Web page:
Logansport Pharos-Tribune from Logansport, Indiana on May 13, 1894 · Page 1
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May 13, 1894

Logansport Pharos-Tribune from Logansport, Indiana · Page 1

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Logansport, Indiana
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Sunday, May 13, 1894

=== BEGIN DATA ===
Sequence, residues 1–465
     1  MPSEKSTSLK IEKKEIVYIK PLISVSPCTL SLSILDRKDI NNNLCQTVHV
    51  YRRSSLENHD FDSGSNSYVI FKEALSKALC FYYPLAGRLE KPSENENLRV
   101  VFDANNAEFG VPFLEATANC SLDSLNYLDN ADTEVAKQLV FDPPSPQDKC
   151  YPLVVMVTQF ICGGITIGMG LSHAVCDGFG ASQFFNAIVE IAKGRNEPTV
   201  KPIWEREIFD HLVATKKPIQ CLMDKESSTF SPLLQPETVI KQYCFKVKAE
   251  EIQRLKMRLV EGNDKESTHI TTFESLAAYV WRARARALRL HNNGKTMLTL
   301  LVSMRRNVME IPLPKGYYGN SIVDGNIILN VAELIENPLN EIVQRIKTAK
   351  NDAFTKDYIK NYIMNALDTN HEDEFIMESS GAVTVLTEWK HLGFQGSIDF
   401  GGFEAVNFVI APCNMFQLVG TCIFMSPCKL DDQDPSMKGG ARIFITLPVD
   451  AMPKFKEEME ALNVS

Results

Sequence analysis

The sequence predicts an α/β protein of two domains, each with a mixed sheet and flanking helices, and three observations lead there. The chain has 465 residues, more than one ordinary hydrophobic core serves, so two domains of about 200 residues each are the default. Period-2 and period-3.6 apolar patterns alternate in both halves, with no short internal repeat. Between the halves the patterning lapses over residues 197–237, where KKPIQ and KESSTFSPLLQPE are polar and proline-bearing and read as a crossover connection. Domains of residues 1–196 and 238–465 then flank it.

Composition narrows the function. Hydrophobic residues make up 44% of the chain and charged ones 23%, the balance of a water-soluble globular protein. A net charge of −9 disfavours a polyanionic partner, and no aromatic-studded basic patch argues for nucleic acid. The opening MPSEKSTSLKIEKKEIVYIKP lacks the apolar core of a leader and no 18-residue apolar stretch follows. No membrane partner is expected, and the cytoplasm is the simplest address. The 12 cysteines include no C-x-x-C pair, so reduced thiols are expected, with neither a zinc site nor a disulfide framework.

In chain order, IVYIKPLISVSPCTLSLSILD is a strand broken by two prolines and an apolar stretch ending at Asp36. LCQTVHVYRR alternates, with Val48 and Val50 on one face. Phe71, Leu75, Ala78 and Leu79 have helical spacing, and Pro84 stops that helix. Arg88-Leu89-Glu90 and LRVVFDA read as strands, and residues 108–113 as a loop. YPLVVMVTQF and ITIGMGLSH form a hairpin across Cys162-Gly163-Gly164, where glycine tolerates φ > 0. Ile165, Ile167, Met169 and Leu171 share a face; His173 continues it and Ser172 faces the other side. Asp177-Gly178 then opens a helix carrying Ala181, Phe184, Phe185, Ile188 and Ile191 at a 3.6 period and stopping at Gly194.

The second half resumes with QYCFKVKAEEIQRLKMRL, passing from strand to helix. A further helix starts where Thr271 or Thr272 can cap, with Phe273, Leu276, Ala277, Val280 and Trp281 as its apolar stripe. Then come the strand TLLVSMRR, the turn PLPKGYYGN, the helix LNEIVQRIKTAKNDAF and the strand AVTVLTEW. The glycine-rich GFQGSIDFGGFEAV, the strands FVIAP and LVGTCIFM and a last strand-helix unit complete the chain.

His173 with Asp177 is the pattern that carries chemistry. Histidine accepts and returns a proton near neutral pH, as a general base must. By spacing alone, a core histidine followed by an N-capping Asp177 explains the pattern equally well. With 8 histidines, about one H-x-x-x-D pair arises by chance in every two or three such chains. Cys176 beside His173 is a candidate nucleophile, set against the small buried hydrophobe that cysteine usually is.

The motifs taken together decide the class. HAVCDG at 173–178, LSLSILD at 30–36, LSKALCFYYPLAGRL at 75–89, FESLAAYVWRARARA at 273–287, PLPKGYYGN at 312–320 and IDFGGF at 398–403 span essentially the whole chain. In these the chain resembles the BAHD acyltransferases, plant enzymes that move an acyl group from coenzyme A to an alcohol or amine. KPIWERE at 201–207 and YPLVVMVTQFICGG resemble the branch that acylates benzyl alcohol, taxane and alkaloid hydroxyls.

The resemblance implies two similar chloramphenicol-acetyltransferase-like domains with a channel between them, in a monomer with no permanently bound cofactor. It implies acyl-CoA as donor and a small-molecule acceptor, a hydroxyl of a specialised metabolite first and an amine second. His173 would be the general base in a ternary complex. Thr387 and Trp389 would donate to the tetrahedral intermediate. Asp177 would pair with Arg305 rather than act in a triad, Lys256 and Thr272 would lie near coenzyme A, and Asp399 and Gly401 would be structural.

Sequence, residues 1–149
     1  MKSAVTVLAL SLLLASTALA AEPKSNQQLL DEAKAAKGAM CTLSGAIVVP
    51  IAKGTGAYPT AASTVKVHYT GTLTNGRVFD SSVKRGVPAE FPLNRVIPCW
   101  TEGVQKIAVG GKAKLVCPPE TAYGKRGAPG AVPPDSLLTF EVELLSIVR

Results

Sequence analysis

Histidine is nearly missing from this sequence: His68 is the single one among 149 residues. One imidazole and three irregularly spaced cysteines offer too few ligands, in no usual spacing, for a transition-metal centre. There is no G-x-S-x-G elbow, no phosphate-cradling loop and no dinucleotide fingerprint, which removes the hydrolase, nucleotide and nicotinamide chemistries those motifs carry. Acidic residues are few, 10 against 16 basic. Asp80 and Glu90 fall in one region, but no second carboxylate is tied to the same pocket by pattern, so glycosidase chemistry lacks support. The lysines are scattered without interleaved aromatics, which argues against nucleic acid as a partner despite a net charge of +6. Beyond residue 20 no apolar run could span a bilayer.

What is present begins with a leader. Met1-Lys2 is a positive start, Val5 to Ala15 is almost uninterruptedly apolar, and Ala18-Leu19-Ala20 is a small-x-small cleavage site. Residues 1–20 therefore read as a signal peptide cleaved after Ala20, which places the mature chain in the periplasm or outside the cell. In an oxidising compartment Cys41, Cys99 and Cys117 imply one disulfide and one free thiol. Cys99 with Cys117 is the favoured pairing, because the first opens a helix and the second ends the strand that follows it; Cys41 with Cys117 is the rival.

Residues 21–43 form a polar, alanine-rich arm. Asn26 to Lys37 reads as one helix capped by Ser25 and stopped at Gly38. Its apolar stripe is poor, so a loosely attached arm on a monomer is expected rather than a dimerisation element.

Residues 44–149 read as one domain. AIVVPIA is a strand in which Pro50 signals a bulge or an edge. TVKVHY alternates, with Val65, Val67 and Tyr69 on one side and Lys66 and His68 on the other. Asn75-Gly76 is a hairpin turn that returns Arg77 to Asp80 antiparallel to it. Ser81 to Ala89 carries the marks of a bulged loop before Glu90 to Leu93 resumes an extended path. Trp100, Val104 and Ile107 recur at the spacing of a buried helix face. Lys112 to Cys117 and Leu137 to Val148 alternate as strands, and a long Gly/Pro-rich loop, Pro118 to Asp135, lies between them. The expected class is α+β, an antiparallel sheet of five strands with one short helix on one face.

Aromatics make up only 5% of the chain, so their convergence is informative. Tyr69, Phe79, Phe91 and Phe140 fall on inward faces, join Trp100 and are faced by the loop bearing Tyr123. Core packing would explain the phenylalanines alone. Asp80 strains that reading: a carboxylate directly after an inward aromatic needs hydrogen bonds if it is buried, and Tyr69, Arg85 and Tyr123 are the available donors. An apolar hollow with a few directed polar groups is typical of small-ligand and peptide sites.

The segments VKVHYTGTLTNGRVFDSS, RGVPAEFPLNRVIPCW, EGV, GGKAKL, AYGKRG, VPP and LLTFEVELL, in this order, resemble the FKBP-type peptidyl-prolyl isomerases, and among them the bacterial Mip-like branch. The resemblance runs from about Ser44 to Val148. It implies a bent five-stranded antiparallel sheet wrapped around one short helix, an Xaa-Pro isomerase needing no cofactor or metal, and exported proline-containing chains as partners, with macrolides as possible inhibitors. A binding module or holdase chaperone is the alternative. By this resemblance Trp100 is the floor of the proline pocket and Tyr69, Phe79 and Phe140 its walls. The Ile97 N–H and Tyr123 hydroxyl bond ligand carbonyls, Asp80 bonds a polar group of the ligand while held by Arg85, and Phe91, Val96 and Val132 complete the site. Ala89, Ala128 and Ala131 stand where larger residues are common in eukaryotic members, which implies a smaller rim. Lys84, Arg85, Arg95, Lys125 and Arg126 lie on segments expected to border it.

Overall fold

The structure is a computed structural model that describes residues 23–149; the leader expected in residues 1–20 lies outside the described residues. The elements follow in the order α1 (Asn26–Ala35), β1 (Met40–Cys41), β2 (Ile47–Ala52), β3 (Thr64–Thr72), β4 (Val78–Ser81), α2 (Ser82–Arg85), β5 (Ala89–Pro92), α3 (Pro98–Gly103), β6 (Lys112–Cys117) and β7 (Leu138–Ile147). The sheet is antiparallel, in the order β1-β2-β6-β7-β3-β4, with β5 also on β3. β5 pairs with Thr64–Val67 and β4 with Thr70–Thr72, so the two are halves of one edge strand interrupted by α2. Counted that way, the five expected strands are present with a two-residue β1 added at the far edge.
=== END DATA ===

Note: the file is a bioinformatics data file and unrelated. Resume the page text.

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MA.Y 13, 18»*. WORLD'S FAIR ART PORTFOLIO COUPON. 6 coupons or different dntes and 10 cents secures tho current nnraber of Art Portfolios. See advertisement. VOL. XIX. LOGANSPORT, INDIANA. SUNDAY MOKNING, MAY 13 1894. NO. 114. An Investment Which you won't regret. Buying small wares from the BEE HIVE sale. A little ready cash properly expended did all this, and as ever, true to our customers, you have the beneft. SURELY, THERE'S MONEY SAVING, and when we assure you of anything you know you can rely upon it. EXPERIENCE HAS TAUGHT YOU THIS. It is the same now as ever, a little buying now saves dollars. We would be pleased to see you among the crowd tomorrow. If you have your own interest at heart you will surely be with us. Every other department is complete and LOVERS OF THE BEATIFUL /can feast their eyes and satisfy their wants at the BEE HIVE'S popular prices. Join the shrewd buyers and get the latest and the best. We append a price list of the Small Ware. Have you seen the prettiest store in the State? Purses 3c Mce Biimlkerchlpfs 3c Collar Buttons 5c doz. Shoe Daubers 5c Ladles' Vests 71-2c Kej Kings S for 5c Suspenders 4c Patent Tape Measures 5c Fen Holders 2 for 5c Crochet Cases 5c Hair Ornuments asstd. 5c Looking Glasses 5c SiL Plat. forks-Spoons 25c Silk Mitts 15c Lamp Wicks any width 4 yds lOc Lucei Ic yd Crochet Silks 15c ball Irish Crochet Lncos 8c doz. yds Black Silk Lnco 4c yd Tape Measures 2c 2 bolts Dress Braid 5c Fnnts Buckets Ic doz Combs 2c Punts Buttons Sc gross Darning Needles 5c for 25 Dross Buttons 5c for 2 doz Rubber Tape Ic Belt Buckets 5c Pins 2c Hair Curlers 5c Hooks and Eyes 2c Standard Needles 2c Silk Dress Button, Sc a card Corset Laces 5c doz Thimbles Ic Tootb Brushes 3c MK Ribbons all shades 5c a yd Knitting Cotton 3c Silk Tolling lOc yd Porcelain Buttons 2 gro for 5c Richardson's Silk GO yd 2c each Rlcliardsons' Twist Ic a spool You know the value of these goodsf Be sure and read the prices. A beautiful souvenir with every dollar purchase. 4O9-411 Brodaway. OVER THE STATE. Telegraphic News from Various Towns in Indiana. A Sensation in Coart. INDIANAPOLIS, Ind., May 12.—In the trial of the wreckers of the Indianapolis national bank Friday tlie government introduced a letter from tho •controller of the currency to Ilaugh- »y, tho president of the bank, dated in 18S5, and ordering tho doors closed unless their affairs were placed on a substantial basis at once and the laws obeyed. Tlio let- r ter was a scathing rebuke, and showed that nine years ajfo the bank was rotten to the core and had not a dollar behind it Hanghey's reply to this was also pro- •dncod, in which he pleaded for mercy and the bank was allowed to continue in business under protest Tho letter produced a sensation. Tho government rests its case Monday. T. P. Uaughey will be placed on the stand in rebuttal. Ex-Attorney General Miller created a stir in the ranks of the gov- irnment's attorney's by stating that le would show that Cashier Rex ford never swore to tho report made to the comptroller of the currency just prior to the failure of tho bank. If true this will knock out some of the counts in lie indictment Student 91»>ll«l Hl« Teacher. J«TPKHSosvrLl,E, Ind., May 12.—Willam Gilbert, aged .15, a high school tudent, had an altercation Friday with ds teacher. Prof. W. C. Dorr. It was >arinit recess. The professor ordered dm to go to his room and he declined, lharp words followed and young Gil- xrt whipped out a knife. tie made an assault upon the teacher ind cut him on the left arm, inflicting •light wound. At this juncture the anitor interfered and Gilbert cut him the arm. Gilbert also seized a rock tnd hurled it at the professor, striking lira on tho left temple. The trouble is to an old grudge on the part oi Ulbert Shot the Annojtr ot 111* Wife- IKDIAMAPOLIS, Ind, May la.—Jame« laker was shot and mortally wounded ly night by Frank Henneberger. last named voluntarily sur- eadered to the authorities and u committed without ball days ago Jack Kempf was llH|fft£ to tint. Mrs, Benatberfer guitar lessons, but his treatment of that lady not meeting with ap-, proval the husband warned him away. Kempt then wrote to Mra llenueberger and the letter was captured by the hua- band, and, to avoid a meeting, the writer left the city. However, Kempf on- gaged Baker as a messenger, whereupon Mrs. Henneberger complained to her husband of the annoyance to which she was subjected. Baker was then warned to keep away from the Ilenno- berger home, but did not do so, and the shooting followed, linker receiving a bullet which passed through his liver and stomach. All concerned aro com- | paratively young people. Hennobergcr hns been employed by tho Pul Iman company at this point for years. X.ew WallHiiH Alnde CuminAndnr, ANDEIISOK, Ind., May 12.—Tlia annual meeting of the Loyal Legion oJ Indiana was held hero Friday evening and tho following officers were elected: Commnndor, Gen. Low Wallace, of Craw lordsvillo; senior vloo commander, Ma], C. T. Doxov, Anderion; Junior rice commander, Cupt D. F. Allen, Frankfort; recorder, Capt B. B. Pock, Indianapolis; retrial?:*, Capt. John M, Bogl, Indianapolis; chancellor, Cupt. J. H. Muzzy, Hushvulo; chaplain, Ma). E B. Locos. Indianapolis. Preacher Die* ID a Well. BOCKVILLB, Ind., May 13,—William Phillips, a United Brethren preacher, lost his life Friday morning while cleaning out a woll at his homo near Loatherwood, this county, being overcome by choke damp. His brother came near sharing the same fate while attempting his rescue. Death of a Veteran. CRAWFOEDSVILLK, Ind., May 13.— CoL Casper Budd died at tho advanced age of 89 years. Ho was colonel of the Second Indiana legion during the war and was famous over the s'tata for his work in breaking up the Knights of the Golden Circle Attempted Sulclile. TERBE HAUTE, Ind., May IS —Charles H. Gough, organizer of the A. P. A, lodge in this city, attempted suicide Friday by .taking strychnine, but ho is out of danger. Losses at gambling and domestic troubles caused tho deed. Eloper* Made Happy.' JEFPKHSOHVITAK, Ind., May 12.—Guy T. Conklin, aged 18, and Mlas May Condell, aged 17, eloped from Decatur, TIL, and were married in this city Friday. Drug Finn Falli. LA POKTE, Ind., May 12.—Tho drutr firro.pf Spreth & Studley, the oldest in this city, failed Friday with liabilities ill $4,000 and assets of $3,000. WOMEN~TAKE A HAND. Fire at Hnatlngton. HUHTIMOTON, Ind., May 18.—Fire did about |5,000 damage to the residence of Jacob Boos. It was'insured. A barn, with a horse and buggy, belonging* to Eugene Lapointe, and the residence oi Bbenole were alto consumed. Wlve« of striking Coal Minor* Declare Tliolr nuvbtmdn filuit Go to Work. CUMBERLAND, Md., May 12.—The wives of tha miners willing to work aro opposing the strikers. They assembled in a body at th« mouth of tho Eckhart mine and declared to the strikers that if they did not allow their husbands to go to work they would go in the mines themselves and take up the picks and shovels and work for them. The action of the men's wives bod a decided effect upon tho strikers and put new determination into their husbands, who are willing to work, making them more determined now than ever t* go to work; and the agitators are powerless to do anything. Kebati Defeated. Niw YOBK, May 19.—A special from Son Salvador says! The government claims a complete triumph over the rebels and says they are now endeavoring to make terms. Official bulletins announce that loyal troops are taking possession of all the points which have bee,n evacuated. The troops captured a large quantity of arms, mostly of American make. The guns have been brought here. In the fight yesterday 28* were killed or wounded, and many rebels were made prisoners. Influential friends are counseling President Ezeta to declare amnesty. It is believed he will do so. Favor a ConffrniUmal Chang*. WASHINGTON. May 13.— The bill of representative Grain (Tex. ) to change thedato for the assembling of congress has been favorably reported to the house. Democrats and republicans of the committee joined in a unanimous report The bill provides that the first session of each congress shall beg-in the first Tuesday after March 4 instead of waiting until the following December. The second session is to begin the first Monday in January in» «twul of December M liPHitai HE DIED HARD. Tip, tha Big Elephant, at Last Sucoumba to Poison. Fed to Him in Lumps of Bran, He It Dead in Twelve Minutes from Receiving the Fatal Do^o. TIP TUHNS Ul> IIIS TOE8. f. NEW YORK, May 11.—Tip, ffie big elephant in the Central Park menagerie, died Friday afternoon at 4:30 o'clock after many h&urs of afrony. From.« a, in. until 4 p. m. tlio great king 1 of the forest went shuddering from one convulsion into another under the influence of the cyanid« of potassium which had been given him. The llrat dose of the poison was not sufficient to put a quick and painless end to his life. After many consultations between Superintendent Smith, of the menagerie, and Superintendent Hunkinson, of the Society for the Prevention of Cruelty to Animals, and Secretary Burns, it was resolved at S o'clock to administer another dose of the poison. The second dose finally proved effective. The l>eadly Doin. At that hour fifteen capsules of cyanide of potassium were given to Tip in a di»h of bran. The great beast went Into convulsions and thrashed about at a tremendous rate. In his wild struggles he broke the chains which con&ned him. The attendants seemed to be panic-stricken. Tip was loose In hie pen and their lives were in danger. Two men were immediately sent for guns with which to shoot Tip if it became necessary. It was feared that Tip might break out of his pen. Theii services were not required, however, for the huge beast's struggles quickly ended, and as the poison began to work he fell to the ground and died. The Death Scene. It was just twelve minutes from the time that Tip ate the lout morsel that he was pronounced dead. Five minutes before he died he "weaved" violently. He swung his trunk and he belched as if he wanted to vomit. He writhed as much as a monster of his size could writhe with pain. He revealed n strength such as re had never be-, fore—a rage, compared with which hia wildest bursts had, b«en but trifles. In his.' paroxysm he whirled about the limits of his cage, reared his great body against the heavy timbers and charged upon them with his blunted tusks. He raised his trunk high into the air and trumpeted in his apooy. From bis mouth he spouted big drops of blood, and then, gathering himseli with all his might, ho made oue dash toward the rear of his pen and fell dead. It was u violent scene and groat-, ly frightened the keepers. In his rage Tip must have bitten his tongue, Mr. Wallace said, and that accounted fet the blood. His hide and skeleton will go to Dr. William" Wallace, to be placed alongside Jumbo in the Museum of Natural History; his viscera will go to Dr. Shuttington, for the Collogu of Physicians and Surgeons, and his eyes to the Kye and Ear infirmary. lie Wai it Man Killer. Following is a record of "Tip's" careei and misdeeds: He was purchased by Adam Foropnugl), Jr., in 1883, and during Ib8 Hrut year !io wus exhibited succeeded In killing one man and maiming two others. In IBB year 1884 lie killed two men, both of whom were employed in keepers. His vlclouanoas was wmla manifest In tho yoar.liiSS, when he killed throe kcepura (two at ono time) and a boy. In the winter of I8HS Mr. Forcpuuph, ovl. dcuvly thtttUlnK him too exponnlve ft bruto tc longer maintain, presumed him to iho menagerie. Shortly after lib arrival at tlio monaifO' rlo (In May, 1S(W,) ho severely injured Keepers Holmes und jMaron, who weru attempting to clean the stall In which ho van confined. On March 17, 1801, he turned on Keeper Snydcr, who was busy ID the stall with him, and Injured him so severely that ha was confined to bis bod for some weeks. On Fob' ruary 18, 181)2, he broke both of the chains bj which he WM fastened, tore out two of the partition* in the bulldlne and very nearly made hii escape. On the 80th ult Keeper Snydor entered nil cage for the purpose of placing a chain on the hind foot; h« had no sooner entered when Tip chirked on him and pinned him against th» partition of the cage with his tusks. Fortunately for the keeper the elephant had his martin- Kale on and could not use hli head to advantage. Had hla head beon free the charge would have been fatal. At the tune of his death Tip was secured by onaot.sln only (that on the forefoot) and would not allow either Snydor or any ono else to approach. The park commlasiononi feared ha would break thU and wreck the bulxd- Ing. Formal charges were Drat mada against Tip about two weeks ago. Snydor, the keeper, wits his aoomer. Snyder said he wa« ktrald to go Into Tip's cage for fesr the big elephant might kill him. - quantity here. The price is nominally 84, but vessels have hard work to get enough at that figure to carry them to Cleveland. RESERVE IN DANGER. Administration Uneaar Over tha Drain of Gold tu Kuropa. NKW YOBK, May IS.—The. export of 12,000,000 gold during the day loaves the United States treasury with a little over 880,000,000 of the royal metal on hand, and if the predictions of financiers count for anything that sum will be dwindled to a startling minimum before the summer is over. During the last week 16,000,000 has been shipped to Europe to provide for the lack of bills of exchange. This sum exceeded the expectations of prominent foreign bankers by $3,000,000 and led to some puneasiness in certain quarters The continued drain this week has made some of the administration officials very uneasy as to the outlook for the future. It has also agitated some New York financiers to the extent of avowing that another bond issue will be necessary within a few weeks to protect the gold reserve, already being decreased every time a steamship sails for Europe. The demand for United States gold seems to be general throughout Europe, according to export brokers, and it is expected by them to continue for some time, per- perhaps all summer. In some quarters the prediction is made that the gold reserve will tumble to »00,000,000, and perhaps to »so,ooo,00u. BEOKE CAMP. Cozey'a Army Shakes the Dost Washington from Its Feeti Proceeds to the New Camping. Ground at Bladensburg, Md.— Its Ranks Diminished. STATUE UNVEILED. Memorial to Colnmbui Dedicated ID On. tral Park, Ne» York. NEW YOBK, May 13.—The beautiful bronze statue of Christopher Columbus, executed by the Spanish sculptor, Snnol, was unveiled with becoming ceremonies in Central park at * p. m. The statue is almost Immediately facing that of Shakespeare. Here the ceremonies' took place in the presence of a large gathering. Gen. Grant Wilson presided, and, after an invocation by Bishop Howard Potter, introduced Vice President Adlai Stev- i>uson, who drew the rope which held the veil over the statue, and spoke eloquently of Columbus and his great work of discovery. At the conclusion of Vice President • Stevenson's speech, rogrots from the duke of Vcragua were road, after which some remarks by Baron Fava, the Italian minister, followed. Mrs. Julia Ward Mowe then read a poem on- titled "A Mariner's Dream," written for the occasion, and Sonor Don Mur Auga spoke in Spanish. The oration of day by Chauncey M. Depew closed the the exercises. An Ohio Ofltolal Killed. MANSFIELD,. 0., May 12.—County Commissioner Charles L. Gibbons Friday evening took Miss Lizzie McQuillan Ic a buggy to her home in Lucas, 0 milei oast of this city. On his return trip to Mansfield at 2:30 o'clock a. m., at what is known as Chew's Crossing, on the Pennsylvania road, 8 miles east of the cltj, the buggy was struck by a west bound train. Mr. Gibbons and the horse were instantly killed. It is thought that Gibbons was asleep at the time of the accident To C»o Oil for Fu.J. BonrALO, N. Y., May 12.—Several vessel owners are planning to experiment with crude oil as fuel on their steamer* during the coal famine. The iieoMwy fitting* will oo»! ^ Uul «. Bart tor fuel KM. become an unknown LAUNCH OF THE ERICSSON. 1'lrit Torpcdo-Ilonl Ever Comtrnotett Inland riet Afloat at Dubuque. DUBUQUE, la., May 12.—The torpedo boat Ericsson, tho first United States war vessel ever built on inland waters, was launched at 4 p. m. In the presence of several thousand people. Among the guests were Miss Helen Gould, of New York, and Lieut U»hor, of tho navy department Miss Carrie Kiono christened the vessel. Tho event Is of unusual importance and is calculated to afford great encouragement to inland ship-building interests. The builders on the coast have heretofore held a monopoly oi tho business of ship construction for tho government, and accordingly, when the secretary of the navy found upon opening the bids for the building of tho Ericsson that tho lowest of- fnr caino from the Dubuquo firm, he had some misgivings about awarding the contract He consulted Senator Allison, who submitted satisfactory evidence of tho financial standing oi the company and thoir ability to oarry out tho contract, and the award was made to them. Win Do Nothing for Mr*. Maybrlolt. LONDOS, May ]2.—Home Secretary Asquith has positively refused tc order tho release of Mrs. Maybrick, who is serving a life sentence in Working prison for murdering her husband, or even to re-open her case for the pury pose of introducing new evidence, Mr. Asquith has personally refused to j examine tbo signers of seven affidavit! ] attesting their personal knowledge J that Mr. Maybrick was addicted to the use of morphine and arsenic. The signers of these affidavit* will attempt to raise the question In parliament Ol» Bquelobm Pr«M Opposition. MEXICO CITT, Mex., May 12.—La Be- publica, the dally newspaper recently confiscated by the government because of its opposition to President Diaz, is to bo sold at public auction and the proceeds retained by the national treasury. Tho editor and other employes are serving terms of imprisonment in Jail for writing and printing what were considered libelous articles against the government Vound Oullty. AcausTA, Me., May 12,—After » trial luting eleven days, Mrs. Clara E. Getohell WM found guilty of murder in the first degree in poisoning her husband, William H. Getchell, at Sidney, December 9. • CkeUra Spreading. ODMSA. May 12. —The cholera 1* •pleading with alarming rapidity In th* district* of Warsaw, Kovno, Plotck, Badom, Podoli* and Klefl. ItUteared tht •pUUmlo will to M awton* uln ' ' LEFT Till! CAl'ITAL. WASHINGTON, May IS.—Coxey's army Started from Cam]) Tyranny for blad> ensburfr, Md., prompt^' at, 9 o'clock & m. The aiiuy. with its recent •» cessions, numbered 535 men, according to Carl JJrowne's figures, but U contained less than a. hundred of tboM who crossed the mountains. Then was ? hot sun shininfr, but tcmpemd with a pleasant breeze, and the trampi seem to appreciate the change from their unhealthy quarter, 0 , particularly as the commissary wagons are • w«ll supplied for several days; at least Thi new camp is situated a pleasant drfo* ing distance of about 6 miles northern*! of the city. The men carried their banner* Mid their "peace" bannerets as they did in their march to the capltol and were considerably improved in appearance by their rest Brownt accompanied the men as far as the capitol grounds, which they were carefnl t* skirt and not to cross. Browne then left thorn to go down to court and look after his motion for a rehearing. Coiej and .Jonos had already preceded him to court Jesne Cozey, Jacob's ton, •» turned command of the cohort*. Browne's assertion that 5ti5 men took breakfast and that the enlistment roll showed 550 members was not born* out by actual count, for when the procession moved at 0 o'clock, only 881 men were in line and fifty of then •were negroes' who had ]u«1 joined the commonweal, attract** by the summer resort feature! of the new camp. The Philadelphia contingent had dwindled to forty-one men. Exactly eleven dtft ago Coxcy's army marched down Penn> Eylvania avenue 600 strong. In th* eleven days seventeen of the men hart been sentenced to terms In the workhouse for vagrancy, one has been drowned and six were taken tc hospitals suffering from various corn* plaints. Nearly 100 new recruita, mostly negroes, have been gathered in and as less than 300 marched out, about £00 of tho enlisted men are unaccounted for. No practical rosulta havi been achieved, and now, as far as the district authorities arc concerned, th« city of Washington is permanently rid of the cominonwealors. It has been determined that they will never tot permitted to return to the city. Will Be Ilonrrt Tueidajr. WASHINGTON, May 12. — Lawyw Lipscomb, accompanied by Coxey. Browne and Jones, were at the poliot court and after a brief conference with Judge Miller and tho chief district attorney it was decided to call up th! motion for a new trial in the cases of Coxey el, aL on Tuesday next Uolnf to Vlult Her Mother. WASHINGTON, May 13.—Inquiry al the white house elicited confirmation of tho story originating in Buffalo that Mrs. Cleveland and her children will go to that city next week on a visit to hex mother, Mrs. Perrine. They will probably leave Washington Monday or Tuesday, probably the latter day, and will stay in Buffalo until the improve* incnts now in progress at their seasidt home in Buzzard's Bay., Mass., are completed. . Cantoned «n Awful Murder. PARIS, May 12.—Tho police have mv rested a youth about IS years of age on suspicion of having murdered thf young girl whose mangled body was found in her periuiuery shop Friday morning. Upon being questioned at the police station tho young man confessed the murder. Be said he did not know tho girl, and had no other mo* tive in killing her than to rob her ot her valuables and plunder the shop. Ohio's First Fernalo Voter*. CiscrasTATi, May 11.— Women voted for the first time in Obla Friday. Miami township, of Clement county. elected school directors. Mrs. Harriott Paxton, Mrs. Ella Hntchinson and Mrs. Mary A. Beeves had no opposition. Twelve women voted, Ufa, Beeves, wife of the passenger agent of the Big Four, casting tbo first ballot. Pout. Office Bobbed. CUMBERLAND, Md., May 13,—A sp*> cial to the Times from Elkins, W, V*. says: The post office at this place WM broken into Friday night and robbed of about 875 in money s.nd about three or four hundred dollars' worth of stamps and some registered packogt*. There is no clow to the robbers, lima Knougb ot A merle*. CLEVELAND, O., May 18.—Since the last riots the sale ot tickets to foreign countries has greatly increased, and numbers of the rioters are re turning to their native lands. Antono Galle, M anarchist who was arrested at the time of the riots and sent to the workhouse, paid his fine, bought a ticket, and will •tart for Europe at once. Bi« Jut* Firm Fall*, DUNDEE, May la.— Kinmond, Luke 4k Co., a firm largely Interested in tin Jut« trade, has failed. The